Sainsbury's general counsel Nick Grant was particularly astounded by the referral.
"We've always maintained that UK food retailing is one of the most competitive markets and works in the interests of consumers," he said.
Edwin Coe head of litigation David Greene, who is representing 32,000 shopkeepers from the Association of Convenience Stores, said the OFT had taken too long to make its decision.
"It's a complete U-turn and it's basically because they [the OFT] have thought about it," he said.
Firm: Allen & Overy
Partner since: 1999
Educated: Oxford University and Tulane University, New Orleans
Key clients: Rexam, Royal & SunAlliance
Following his departure from Ashurst in 1999, Mark Wippell's star has been on the rise. His recent victory in a hard-fought beauty parade to advise Tyco on its groundbreaking restructuring could be his crowning glory.
Allen & Overy has been appointed as international adviser for the transaction and Wippell has assembled an all-star global cast to deal with it.
The restructuring will see the $41bn (£23.41bn) conglomerate split into three separate companies, which will be listed on the New York Stock Exchange. Tyco was built on a frenzy of acquisitions in the 1990s and is, therefore, a complex beast. The ensuing accounting scandal ensured that this transaction will come under microscopic scrutiny and it is already being suggested as the basis for future academic study. It should keep Wippell and his team busy until the first quarter of 2007.
Prudential – Slaughter and May (William Underhill).
Aviva – Clifford Chance (Adam Signy, David Pudge).
Aviva made a £17bn offer for rival insurance company Prudential last month. Prudential rejected the offer and Aviva has since walked away from the deal.
Schering – Hengeler Mueller (Maximilian Schiessl).
Bayer – Latham & Watkins (Joachim von Falkenhausen).
Citigroup and Credit Suisse – Linklaters (Carl-Peter Feick).
Bayer has announced an agreed €16.3bn (£11.41bn) takeover of pharmaceutical giant Schering. Bayer said it would finance the acquisition with existing cash holdings and a short-term loan provided by Citigroup and Credit Suisse.
Bidder: Linde and bank consortium (Commerzbank, Deutsche Bank, Dresdner Bank, Morgan Stanley, Royal Bank of Scotland)
BOC – Slaughter and May (Frances Murphy), Hengeler Mueller (Max Schiessl).
Linde – Freshfields Bruckhaus Deringer (Barry O’Brien, Axel Epe).
Bank consortium – White & Case (Christopher Kandel, Mike Goetz, Stephen Hodgson).
German industrial group Linde made an £8bn bid for BOC. BOC has recommended the cash takeover. The deal will create the world’s largest gas group, with combined sales of around €11.9bn (£8.33bn).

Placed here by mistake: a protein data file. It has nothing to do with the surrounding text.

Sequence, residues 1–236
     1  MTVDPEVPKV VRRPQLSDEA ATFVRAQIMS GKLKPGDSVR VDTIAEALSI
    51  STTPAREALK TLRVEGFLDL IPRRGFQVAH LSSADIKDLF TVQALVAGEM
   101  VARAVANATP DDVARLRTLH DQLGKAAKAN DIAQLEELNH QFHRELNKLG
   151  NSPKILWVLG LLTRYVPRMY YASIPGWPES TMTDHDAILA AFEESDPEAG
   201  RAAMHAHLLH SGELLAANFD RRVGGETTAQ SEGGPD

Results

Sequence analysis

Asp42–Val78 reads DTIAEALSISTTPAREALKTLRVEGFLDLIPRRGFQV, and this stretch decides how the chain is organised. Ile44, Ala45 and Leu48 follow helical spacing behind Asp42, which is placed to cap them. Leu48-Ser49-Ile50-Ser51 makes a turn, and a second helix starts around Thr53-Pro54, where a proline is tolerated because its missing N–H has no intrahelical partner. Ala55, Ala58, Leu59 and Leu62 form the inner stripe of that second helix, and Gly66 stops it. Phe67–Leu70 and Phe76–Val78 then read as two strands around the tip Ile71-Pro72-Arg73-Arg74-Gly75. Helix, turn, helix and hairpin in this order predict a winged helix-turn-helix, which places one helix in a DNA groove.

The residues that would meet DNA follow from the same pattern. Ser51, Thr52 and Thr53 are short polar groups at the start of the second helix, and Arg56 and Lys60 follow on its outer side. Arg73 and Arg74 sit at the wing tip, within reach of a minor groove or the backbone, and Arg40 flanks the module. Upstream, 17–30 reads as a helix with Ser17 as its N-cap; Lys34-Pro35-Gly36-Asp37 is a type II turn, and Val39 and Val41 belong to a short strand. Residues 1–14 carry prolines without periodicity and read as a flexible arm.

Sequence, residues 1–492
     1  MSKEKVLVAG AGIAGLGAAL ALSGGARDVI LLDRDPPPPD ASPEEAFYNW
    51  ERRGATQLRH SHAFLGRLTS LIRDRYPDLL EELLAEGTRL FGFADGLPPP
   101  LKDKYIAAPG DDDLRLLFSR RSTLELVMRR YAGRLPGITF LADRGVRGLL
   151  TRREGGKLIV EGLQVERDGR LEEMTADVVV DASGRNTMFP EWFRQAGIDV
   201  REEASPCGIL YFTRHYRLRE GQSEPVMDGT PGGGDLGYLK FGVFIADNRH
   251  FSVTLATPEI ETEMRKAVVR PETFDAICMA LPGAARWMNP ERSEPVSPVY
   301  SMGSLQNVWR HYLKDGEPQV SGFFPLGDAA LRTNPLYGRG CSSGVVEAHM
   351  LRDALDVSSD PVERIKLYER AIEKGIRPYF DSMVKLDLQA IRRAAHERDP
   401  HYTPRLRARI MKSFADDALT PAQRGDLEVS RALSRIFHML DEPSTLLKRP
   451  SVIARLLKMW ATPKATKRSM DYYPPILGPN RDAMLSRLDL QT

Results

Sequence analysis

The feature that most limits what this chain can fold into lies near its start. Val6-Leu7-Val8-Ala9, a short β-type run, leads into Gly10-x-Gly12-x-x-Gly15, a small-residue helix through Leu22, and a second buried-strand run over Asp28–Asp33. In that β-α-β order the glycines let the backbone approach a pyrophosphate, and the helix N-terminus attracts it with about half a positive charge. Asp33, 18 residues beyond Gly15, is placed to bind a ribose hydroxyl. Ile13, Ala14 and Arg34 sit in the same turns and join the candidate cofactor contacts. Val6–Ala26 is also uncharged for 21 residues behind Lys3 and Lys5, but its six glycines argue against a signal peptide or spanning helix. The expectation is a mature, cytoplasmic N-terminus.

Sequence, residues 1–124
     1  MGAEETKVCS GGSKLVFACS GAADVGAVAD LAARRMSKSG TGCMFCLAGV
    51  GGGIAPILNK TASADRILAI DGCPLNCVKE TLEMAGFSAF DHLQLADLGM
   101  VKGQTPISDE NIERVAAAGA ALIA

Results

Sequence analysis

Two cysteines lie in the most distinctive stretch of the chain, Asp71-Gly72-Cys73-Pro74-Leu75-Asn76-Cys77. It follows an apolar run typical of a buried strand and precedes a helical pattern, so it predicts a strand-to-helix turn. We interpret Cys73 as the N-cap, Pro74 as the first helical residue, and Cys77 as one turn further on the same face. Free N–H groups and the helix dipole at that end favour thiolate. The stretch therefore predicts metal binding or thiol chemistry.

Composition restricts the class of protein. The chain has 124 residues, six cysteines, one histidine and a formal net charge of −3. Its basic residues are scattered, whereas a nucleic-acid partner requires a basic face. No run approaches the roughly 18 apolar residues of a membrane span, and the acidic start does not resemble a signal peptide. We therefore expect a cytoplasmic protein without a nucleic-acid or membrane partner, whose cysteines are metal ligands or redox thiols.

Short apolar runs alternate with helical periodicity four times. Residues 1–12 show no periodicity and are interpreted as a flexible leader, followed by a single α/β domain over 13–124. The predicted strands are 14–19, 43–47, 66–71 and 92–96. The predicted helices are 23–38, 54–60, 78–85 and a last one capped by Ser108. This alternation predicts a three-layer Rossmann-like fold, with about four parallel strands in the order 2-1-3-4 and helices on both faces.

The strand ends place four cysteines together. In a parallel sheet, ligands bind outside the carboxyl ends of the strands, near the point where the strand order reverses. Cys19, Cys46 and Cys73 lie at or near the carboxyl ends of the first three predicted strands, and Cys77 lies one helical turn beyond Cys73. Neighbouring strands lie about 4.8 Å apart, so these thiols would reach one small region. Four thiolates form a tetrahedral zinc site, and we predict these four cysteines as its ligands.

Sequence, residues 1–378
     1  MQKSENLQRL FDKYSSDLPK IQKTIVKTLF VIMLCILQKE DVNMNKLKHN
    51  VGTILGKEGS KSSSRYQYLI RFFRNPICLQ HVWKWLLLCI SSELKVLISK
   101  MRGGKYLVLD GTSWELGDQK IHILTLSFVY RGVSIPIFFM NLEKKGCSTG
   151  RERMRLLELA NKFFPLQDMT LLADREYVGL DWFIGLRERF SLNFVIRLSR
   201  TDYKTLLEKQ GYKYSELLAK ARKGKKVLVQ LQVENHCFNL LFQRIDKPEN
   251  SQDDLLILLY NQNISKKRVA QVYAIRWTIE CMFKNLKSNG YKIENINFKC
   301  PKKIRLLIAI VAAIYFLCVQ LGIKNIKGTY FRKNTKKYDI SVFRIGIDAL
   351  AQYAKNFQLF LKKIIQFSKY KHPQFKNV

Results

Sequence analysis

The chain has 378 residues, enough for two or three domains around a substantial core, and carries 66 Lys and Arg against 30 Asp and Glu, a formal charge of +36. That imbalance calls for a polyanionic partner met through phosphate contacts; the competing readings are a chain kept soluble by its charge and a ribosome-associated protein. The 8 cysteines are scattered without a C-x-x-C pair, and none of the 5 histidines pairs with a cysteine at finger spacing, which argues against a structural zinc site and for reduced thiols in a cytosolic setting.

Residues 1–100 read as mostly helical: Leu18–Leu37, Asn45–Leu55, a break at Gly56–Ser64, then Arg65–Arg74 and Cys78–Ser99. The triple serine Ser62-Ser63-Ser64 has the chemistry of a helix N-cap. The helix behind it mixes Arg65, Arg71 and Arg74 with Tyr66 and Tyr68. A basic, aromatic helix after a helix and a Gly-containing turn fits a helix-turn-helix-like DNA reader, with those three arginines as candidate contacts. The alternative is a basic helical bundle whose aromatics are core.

Bidder: Private equity consortium (AlpInvest, Blackstone, Carlyle, Hellman & Friedman, KKR, Thomas H Lee)
VNU – Simpson Thacher & Bartlett, De Brauw Blackstone Westbroek.
Consortium – Clifford Chance (Thijs Alexander, Joachim Fleury), Latham & Watkins (Ronald Hopkinson, Raymond Lin, Jennifer Perkins, Greg Ezring).
A six-strong private equity consortium has made a €7.5bn (£5.25bn) cash offer for media giant VNU.The consortium’s offer was accepted by VNU at the beginning of March following a meeting of the company’s supervisory board.
Bidder: Goldman Sachs, Apax Partners, Blackstone
ITV – Lovells (Hugh Nineham).
Consortium – Slaughter and May (Chris Saul), Millbank Tweed Hadley & McCloy (Tim Emmerson), Ashurst (Charlie Geffen).
A consortium consisting of Apax Partners, Blackstone and Goldman Sachs has attempted to take control of ITV with a proposed leveraged recapitalisation. ITV shareholders rejected the novel approach last month, but it is understood that negotiations are continuing.
Bidder: BNP Paribas
BNL – Chiomenti.
BNP Paribas – Bonelli Erede Pappalardo (Sergio Erede, Umberto Nicodano).
BNP Paribas made a €9bn (£6.3bn) takeover bid for BNL. The bid was approved by the Bank of Italy.
Bidder: Goldman Sachs-led consortium
ABP – Slaughter and May (Richard de Carle).
Goldman Sachs – Freshfields Bruckhaus Deringer (Edward Braham, David Higgins).
GIC (consortium member) – O’Melveny & Myers (Chris Ashworth).
Goldman Sachs announced last month that it was considering making a takeover bid for ABP. When The Lawyer went to press, a bid had yet to materialise.
Body Shop – Baker & McKenzie (Bernd Ratzke, James Burdett).
L’Oréal – Linklaters (Richard Godden).
L’Oréal, the French cosmetics giant, made an agreed £652m cash offer for the Body Shop. The cash-offer deal was agreed to by both parties in mid-March.